I have always in the past started to write my exams with a fresh sheet of paper. For each lecture, I would write roughly the same number of questions, and I have always written entirely original questions my exams. Last week, I took an exam from the last time that I taught the class, and simply rewrote most of the old questions. This rewriting was extensive—I restructured the point of the question and wrote entirely different answers for the multiple choices, but this approach meant I didn’t spend time thinking about question topics. Of course, the main topics of the lectures remain the same from year to year despite the bits of new information and different ways of explaining material that are added each year.
By last Sunday morning, I had finished writing the exam and made two forms of it. The forms have the same questions but in different orders to limit opportunities for students to copy from neighbors in the tightly packed classroom. I photocopied one form on pink paper and the other on blue.
After I photocopied the exams, I went off to a review session that I had scheduled for the students on Sunday afternoon. There were about 15 students at the review, and I spent an hour and a half answering their questions. This small group of students seemed relatively ready for the exam.
The exam went smoothly on Monday morning, although I noticed that students who had blue exams tended to finish more quickly than students who had pink exams. This had to be one of those odd, random events because the two exams forms were identical except for the order of questions. But it was odd. And then, when the scores for the exam were returned from the processing facility (the Deus ex Machina of grades), the mean on the pink exam was three points lower than the mean on the blue exam. I checked for errors on my key but couldn’t find any. And I began to think that my pink exam was prone to quirkiness.
The mean on the exam was 68 points out of 100 possible. The mean was respectable, and I felt it was a successful test, covering broadly the content of the material we had studied and providing student scores that ranged from the low 30s to 94 points. [O.k., I admit that I am always discouraged that all of my students don’t do exceptionally well on exams. I really want to believe the lectures are excellent, and that the students are fully engaged and wanting to learn. In the real classroom, both lectures and students are compromises.] When I discussed the exam with the students in lecture on Wednesday, there were a few grimaces and a few hard stares, but otherwise everyone seemed to be relatively content with the test and scores. One student did suggest that one of my questions was vague. Surely not, I was thinking . . . and thinking also that they were concerned only [ONLY!] about one question.
Now we move forward with more material—new labs this week and new lecture material. And my diligent students, who are thirsty for knowledge. . . half of them skipped class yesterday, a lovely Friday.
* * *
Here are ten questions from the exam for your test-taking pleasure:
1. The formation of haploid cells from a diploid cell results from:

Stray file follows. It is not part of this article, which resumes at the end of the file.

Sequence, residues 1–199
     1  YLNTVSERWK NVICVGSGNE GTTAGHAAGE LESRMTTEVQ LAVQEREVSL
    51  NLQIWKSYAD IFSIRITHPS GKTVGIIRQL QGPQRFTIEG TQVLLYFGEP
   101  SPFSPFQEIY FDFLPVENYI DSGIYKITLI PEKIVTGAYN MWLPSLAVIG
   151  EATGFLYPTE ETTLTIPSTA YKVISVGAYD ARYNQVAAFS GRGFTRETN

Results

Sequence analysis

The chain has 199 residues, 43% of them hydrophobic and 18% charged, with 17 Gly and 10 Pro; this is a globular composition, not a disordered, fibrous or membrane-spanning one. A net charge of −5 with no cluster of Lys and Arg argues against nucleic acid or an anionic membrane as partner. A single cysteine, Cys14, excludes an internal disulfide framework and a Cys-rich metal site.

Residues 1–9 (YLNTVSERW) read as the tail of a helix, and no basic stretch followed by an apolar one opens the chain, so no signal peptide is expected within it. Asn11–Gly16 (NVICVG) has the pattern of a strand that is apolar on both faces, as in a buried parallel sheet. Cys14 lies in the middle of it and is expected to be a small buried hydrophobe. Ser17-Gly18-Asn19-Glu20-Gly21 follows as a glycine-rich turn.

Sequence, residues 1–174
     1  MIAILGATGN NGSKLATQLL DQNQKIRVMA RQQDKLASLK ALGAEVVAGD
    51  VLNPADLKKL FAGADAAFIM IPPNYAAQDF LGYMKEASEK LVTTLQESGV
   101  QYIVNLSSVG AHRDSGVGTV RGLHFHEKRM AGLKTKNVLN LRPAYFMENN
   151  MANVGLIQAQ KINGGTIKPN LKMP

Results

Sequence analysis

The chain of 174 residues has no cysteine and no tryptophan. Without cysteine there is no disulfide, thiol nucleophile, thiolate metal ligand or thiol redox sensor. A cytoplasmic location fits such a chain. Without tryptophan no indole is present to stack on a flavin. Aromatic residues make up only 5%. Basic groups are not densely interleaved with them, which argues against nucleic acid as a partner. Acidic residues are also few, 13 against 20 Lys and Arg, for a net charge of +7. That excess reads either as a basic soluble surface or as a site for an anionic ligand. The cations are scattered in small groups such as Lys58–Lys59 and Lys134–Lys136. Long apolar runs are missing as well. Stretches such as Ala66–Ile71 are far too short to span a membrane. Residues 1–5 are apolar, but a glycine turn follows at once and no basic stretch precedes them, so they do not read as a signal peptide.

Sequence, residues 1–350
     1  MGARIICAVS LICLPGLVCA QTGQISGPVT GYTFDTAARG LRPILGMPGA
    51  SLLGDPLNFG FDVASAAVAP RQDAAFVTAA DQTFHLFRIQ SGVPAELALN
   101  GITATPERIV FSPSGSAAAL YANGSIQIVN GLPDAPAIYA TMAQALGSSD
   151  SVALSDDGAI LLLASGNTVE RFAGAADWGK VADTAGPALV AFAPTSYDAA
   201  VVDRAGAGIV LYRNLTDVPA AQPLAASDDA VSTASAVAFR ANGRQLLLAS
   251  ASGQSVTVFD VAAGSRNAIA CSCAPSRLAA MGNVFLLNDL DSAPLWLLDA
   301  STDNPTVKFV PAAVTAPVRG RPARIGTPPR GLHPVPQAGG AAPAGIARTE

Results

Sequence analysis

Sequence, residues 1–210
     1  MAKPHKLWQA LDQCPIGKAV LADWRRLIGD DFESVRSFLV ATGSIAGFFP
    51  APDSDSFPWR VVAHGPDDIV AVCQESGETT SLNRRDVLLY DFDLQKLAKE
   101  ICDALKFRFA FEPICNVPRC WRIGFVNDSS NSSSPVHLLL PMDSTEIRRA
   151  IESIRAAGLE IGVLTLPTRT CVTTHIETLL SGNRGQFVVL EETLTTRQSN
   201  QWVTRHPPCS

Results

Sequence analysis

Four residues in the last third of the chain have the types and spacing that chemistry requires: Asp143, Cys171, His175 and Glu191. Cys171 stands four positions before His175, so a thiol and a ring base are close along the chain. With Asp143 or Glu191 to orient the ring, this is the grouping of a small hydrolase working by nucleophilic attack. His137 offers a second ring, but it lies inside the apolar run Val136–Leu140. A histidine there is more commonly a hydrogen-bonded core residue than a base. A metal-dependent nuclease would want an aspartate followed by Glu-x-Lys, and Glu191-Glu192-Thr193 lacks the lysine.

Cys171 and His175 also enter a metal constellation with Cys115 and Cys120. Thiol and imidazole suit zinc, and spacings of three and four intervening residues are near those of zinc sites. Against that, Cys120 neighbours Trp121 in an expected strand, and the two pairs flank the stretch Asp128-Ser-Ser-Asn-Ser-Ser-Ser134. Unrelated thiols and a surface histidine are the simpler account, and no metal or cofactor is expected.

2. In autumn, the abscission process that separates leaves from the main part of the plant body involves:
A. Perforation of cell walls.
B. Formation of secondary cell walls that seal the leaf from the movement of nutrients.
C. Breakage of cellulose microfibrils.
D. Breakdown of pectin in middle lamella.
3. Which of the following is true of plant sporophytes?
A. The sporophyte makes sporocytes that undergo meiosis to make spores for dispersal.
B. The sporophyte phase is limited only to the diploid zygote, which undergoes meiosis.
C. The sporophyte makes gametangia in which gametes are formed after cells undergo meiosis.
D. The sporophyte is a result of asexual reproduction that involves fragmentation of the plant body.
4. The main constituent of primary cell walls of plants is:
5. Where would you expect to find cells that have secondary cell walls?
A. Around the photosynthetic cells of leaves.
B. In the abscission zones of leaves.
C. In cells that function in providing rigid support, such as those of tree trunks.
D. In all eukaryotic cells but not in prokaryotic cells.
6. In the life cycle of plants, zygotes result from:
A. Plasmolysis of gametes.
B. Syngamy of gametes.
C. Daughter cells of mitotic cell divisions.
D. Daughter cells of meiotic cell divisions.
7. In autumn, leaves change color in some trees from green to yellow or orange because:
A. Chlorophyll degrades to reveal anthocyanin pigments in cell vacuoles.
B. Chlorophyll degrades to reveal carotenoid pigments in chloroplasts.
C. Chloroplasts begin to form carotenoids rather than chlorophyll.
D. Nitrogenous compounds in leaves begin to glow red when they are absorbed back into the plant body from the dying leaves.
8. The energy that drives the light reactions of photosynthesis is obtained from:
D. Sugar molecules.
9. Plant cells are turgid when:
A. Cellulose microfibrils in the cell wall are locked in place by keytanes.
B. An equilibrium of water movement into and out of a cell is achieved.
C. Secondary cell wall formation prevents cell expansion.
D. Osmosis causes the entry of water into the cell and the protoplast pushes outward against the cell wall.
10. The volume of mature plant cells consists largely of which of the following?
D. Cell wall.
* * *
The answers are: 1B, 2D, 3A, 4A, 5C, 6B, 7B, 8B, 9D, 10A.